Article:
Paige Bierma |
CONSUMER HEALTH INTERACTIVEBelow:
• Recognizing Verbal Abuse
• Types of Verbal Abuse
• Getting Help
• Defending yourself through language judo
• Why you shouldn't put up with it
Does someone close to you constantly insult you or humiliate you? Do you feel like you're always walking on eggshells in an effort to keep that person from blowing up at you? Are you starting to believe the accusations that person levels at you?
If you answered "yes" to any of the above questions, you may be a victim of verbal abuse. This form of abuse, though it may not leave the easily discernible bruises that we associate with its physical equivalent, should not to be taken lightly. Whether perpetrated by a partner, parent, friend, or boss, verbal assaults can be every bit as devastating as physical battering.
Ongoing, repeated verbal attacks meted out by an intimate, or by someone in a position of authority, can drastically affect self-esteem, give rise to enormous anxiety and periods of confusion, and even lead to clinical depression in susceptible individuals.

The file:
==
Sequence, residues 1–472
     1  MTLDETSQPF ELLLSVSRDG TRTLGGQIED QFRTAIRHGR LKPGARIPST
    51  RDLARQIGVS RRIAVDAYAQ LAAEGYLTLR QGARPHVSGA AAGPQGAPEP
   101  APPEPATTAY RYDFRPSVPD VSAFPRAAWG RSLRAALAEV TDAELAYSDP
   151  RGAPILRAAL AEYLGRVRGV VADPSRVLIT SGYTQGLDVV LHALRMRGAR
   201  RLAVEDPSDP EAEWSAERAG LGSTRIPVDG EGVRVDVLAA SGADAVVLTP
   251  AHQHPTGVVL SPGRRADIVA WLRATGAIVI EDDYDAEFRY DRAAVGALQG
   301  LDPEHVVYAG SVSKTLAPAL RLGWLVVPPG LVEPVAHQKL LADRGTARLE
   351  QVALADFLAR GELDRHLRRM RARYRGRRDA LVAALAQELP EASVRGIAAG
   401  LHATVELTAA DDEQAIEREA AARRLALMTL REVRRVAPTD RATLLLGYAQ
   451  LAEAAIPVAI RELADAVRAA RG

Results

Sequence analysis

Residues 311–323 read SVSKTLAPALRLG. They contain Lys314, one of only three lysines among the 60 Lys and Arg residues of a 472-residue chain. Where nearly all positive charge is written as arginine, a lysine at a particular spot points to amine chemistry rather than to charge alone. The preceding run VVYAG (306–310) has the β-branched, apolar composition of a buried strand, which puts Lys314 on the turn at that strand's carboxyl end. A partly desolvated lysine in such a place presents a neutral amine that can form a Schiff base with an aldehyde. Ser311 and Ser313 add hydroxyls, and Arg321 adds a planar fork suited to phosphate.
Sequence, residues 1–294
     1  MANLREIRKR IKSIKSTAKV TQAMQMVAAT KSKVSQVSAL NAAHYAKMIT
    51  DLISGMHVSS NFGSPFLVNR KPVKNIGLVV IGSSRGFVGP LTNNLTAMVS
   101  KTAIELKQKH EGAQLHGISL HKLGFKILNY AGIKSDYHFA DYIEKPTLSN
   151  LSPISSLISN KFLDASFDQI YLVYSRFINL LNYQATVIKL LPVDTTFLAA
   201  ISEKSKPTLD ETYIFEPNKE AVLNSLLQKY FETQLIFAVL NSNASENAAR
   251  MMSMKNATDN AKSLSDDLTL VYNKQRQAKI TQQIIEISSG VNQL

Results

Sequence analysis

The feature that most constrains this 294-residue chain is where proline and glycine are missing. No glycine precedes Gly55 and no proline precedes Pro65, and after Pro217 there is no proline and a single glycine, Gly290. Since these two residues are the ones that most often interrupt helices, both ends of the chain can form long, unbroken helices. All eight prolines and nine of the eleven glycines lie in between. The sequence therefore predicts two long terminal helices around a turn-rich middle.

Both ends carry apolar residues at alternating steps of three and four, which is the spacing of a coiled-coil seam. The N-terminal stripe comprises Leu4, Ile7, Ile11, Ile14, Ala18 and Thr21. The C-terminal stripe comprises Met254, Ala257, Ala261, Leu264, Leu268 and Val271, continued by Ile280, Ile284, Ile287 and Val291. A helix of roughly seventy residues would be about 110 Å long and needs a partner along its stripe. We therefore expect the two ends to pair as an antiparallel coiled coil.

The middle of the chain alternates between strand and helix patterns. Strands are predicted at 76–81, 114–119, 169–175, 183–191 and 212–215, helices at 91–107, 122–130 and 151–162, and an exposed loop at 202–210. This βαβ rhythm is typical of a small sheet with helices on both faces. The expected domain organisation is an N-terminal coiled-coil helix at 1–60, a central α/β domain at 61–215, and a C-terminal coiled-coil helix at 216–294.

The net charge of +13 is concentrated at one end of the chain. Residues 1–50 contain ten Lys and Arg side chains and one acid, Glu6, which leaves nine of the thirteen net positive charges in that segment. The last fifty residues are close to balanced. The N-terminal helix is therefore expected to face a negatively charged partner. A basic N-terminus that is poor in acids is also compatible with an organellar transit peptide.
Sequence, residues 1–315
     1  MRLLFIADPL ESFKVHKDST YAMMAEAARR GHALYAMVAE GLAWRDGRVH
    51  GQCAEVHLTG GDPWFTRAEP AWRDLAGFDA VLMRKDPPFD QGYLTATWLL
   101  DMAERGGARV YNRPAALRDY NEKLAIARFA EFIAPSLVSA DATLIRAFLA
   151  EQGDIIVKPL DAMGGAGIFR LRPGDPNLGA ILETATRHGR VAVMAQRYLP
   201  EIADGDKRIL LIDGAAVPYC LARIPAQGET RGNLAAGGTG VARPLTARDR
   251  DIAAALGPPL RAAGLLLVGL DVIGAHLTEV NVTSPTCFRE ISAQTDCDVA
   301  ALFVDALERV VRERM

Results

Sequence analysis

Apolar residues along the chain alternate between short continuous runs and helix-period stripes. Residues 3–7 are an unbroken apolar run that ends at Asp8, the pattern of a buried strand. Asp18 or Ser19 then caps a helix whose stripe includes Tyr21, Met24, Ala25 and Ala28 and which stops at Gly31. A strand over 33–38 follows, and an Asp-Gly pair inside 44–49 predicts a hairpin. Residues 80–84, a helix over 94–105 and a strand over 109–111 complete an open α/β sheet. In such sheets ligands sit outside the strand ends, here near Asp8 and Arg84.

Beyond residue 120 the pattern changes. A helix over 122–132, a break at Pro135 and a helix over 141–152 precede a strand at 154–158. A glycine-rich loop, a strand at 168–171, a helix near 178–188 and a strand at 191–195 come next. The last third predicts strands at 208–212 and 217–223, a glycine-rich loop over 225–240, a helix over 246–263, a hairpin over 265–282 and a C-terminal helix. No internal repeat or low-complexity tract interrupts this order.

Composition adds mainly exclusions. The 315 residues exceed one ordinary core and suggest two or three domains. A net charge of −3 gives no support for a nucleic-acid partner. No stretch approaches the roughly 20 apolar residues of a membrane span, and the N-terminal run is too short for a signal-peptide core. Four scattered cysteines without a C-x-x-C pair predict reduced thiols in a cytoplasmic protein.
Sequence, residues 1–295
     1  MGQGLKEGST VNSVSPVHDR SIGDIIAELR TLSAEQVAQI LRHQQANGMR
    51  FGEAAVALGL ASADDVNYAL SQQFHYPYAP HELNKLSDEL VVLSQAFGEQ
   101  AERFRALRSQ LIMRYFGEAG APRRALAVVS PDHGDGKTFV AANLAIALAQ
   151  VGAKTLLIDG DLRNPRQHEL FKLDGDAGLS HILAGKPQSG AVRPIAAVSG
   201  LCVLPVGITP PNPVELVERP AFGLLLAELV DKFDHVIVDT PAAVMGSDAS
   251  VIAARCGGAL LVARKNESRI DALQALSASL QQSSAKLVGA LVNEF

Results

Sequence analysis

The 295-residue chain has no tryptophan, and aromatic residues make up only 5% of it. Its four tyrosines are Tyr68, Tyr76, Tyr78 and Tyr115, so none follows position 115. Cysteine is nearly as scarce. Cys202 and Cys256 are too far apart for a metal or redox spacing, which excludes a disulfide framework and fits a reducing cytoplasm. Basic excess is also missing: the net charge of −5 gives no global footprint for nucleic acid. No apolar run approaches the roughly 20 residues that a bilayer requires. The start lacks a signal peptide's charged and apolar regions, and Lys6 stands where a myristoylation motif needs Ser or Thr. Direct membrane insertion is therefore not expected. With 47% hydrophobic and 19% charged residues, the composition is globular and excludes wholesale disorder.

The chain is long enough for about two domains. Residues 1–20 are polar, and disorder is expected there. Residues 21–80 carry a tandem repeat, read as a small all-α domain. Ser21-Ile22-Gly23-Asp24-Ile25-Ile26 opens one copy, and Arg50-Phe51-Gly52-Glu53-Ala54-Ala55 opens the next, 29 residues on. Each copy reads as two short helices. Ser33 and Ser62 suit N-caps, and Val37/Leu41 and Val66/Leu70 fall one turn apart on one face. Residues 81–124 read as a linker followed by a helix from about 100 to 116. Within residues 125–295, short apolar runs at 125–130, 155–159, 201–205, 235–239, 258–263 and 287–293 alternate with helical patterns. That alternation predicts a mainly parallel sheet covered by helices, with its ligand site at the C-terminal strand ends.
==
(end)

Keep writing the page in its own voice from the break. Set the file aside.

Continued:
Recognizing Verbal Abuse
Family therapist Bruce Linton of Berkeley, California speculates that we are inclined to underestimate the damage that verbal assaults -- harsh words, or even words spoken in a harsh manner -- can inflict.
"Many people take to heart the old saying, 'Sticks and stones can break my bones but names will never hurt me,'" says Linton. "But names can be very injurious, especially when said by someone we love."
In her book Verbal Abuse Survivors Speak Out: On Relationship and Recovery, Patricia Evans explores the mental anguish caused by unrelieved verbal aggression. Although physical abuse draws attention to itself in unequivocal ways, its spoken counterpart can be quite subtle, says Evans, an author and researcher who reports talking with more than 30,000 victims of verbal abuse. Victims may find it difficult to describe, or even recognize, when it occurs, according to Evans. A particular pattern of verbal assaults may have taken years to evolve, condemning both victim and perpetrator to endless repetitions of the same abuse.